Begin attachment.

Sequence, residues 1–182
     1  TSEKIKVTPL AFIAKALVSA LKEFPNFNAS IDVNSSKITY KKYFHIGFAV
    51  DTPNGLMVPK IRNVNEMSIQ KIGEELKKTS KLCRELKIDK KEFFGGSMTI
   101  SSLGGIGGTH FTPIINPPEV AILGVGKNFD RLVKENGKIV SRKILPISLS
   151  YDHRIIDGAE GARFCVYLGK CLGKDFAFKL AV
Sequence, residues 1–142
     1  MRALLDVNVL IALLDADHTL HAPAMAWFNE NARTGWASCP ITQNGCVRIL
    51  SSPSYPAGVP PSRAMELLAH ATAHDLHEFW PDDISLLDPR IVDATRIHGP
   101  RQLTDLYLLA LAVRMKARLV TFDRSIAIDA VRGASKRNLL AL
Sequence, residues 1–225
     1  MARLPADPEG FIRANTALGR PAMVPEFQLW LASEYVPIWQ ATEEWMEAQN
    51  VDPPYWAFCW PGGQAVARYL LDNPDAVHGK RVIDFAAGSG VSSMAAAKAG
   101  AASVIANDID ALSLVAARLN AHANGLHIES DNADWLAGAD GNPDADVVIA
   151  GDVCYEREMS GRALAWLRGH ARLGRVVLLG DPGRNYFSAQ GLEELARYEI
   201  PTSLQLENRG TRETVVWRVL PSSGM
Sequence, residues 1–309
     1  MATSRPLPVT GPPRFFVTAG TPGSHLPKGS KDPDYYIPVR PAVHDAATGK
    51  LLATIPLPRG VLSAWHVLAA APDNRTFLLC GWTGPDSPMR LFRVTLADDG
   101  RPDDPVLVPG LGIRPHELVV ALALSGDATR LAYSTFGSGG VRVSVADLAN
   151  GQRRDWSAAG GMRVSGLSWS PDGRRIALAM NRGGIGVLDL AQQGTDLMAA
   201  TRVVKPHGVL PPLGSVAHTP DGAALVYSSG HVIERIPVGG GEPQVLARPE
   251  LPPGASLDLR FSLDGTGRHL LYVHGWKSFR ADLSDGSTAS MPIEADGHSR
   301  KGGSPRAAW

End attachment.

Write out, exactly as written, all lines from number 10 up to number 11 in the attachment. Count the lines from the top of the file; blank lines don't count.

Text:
Sequence, residues 1–225
     1  MARLPADPEG FIRANTALGR PAMVPEFQLW LASEYVPIWQ ATEEWMEAQN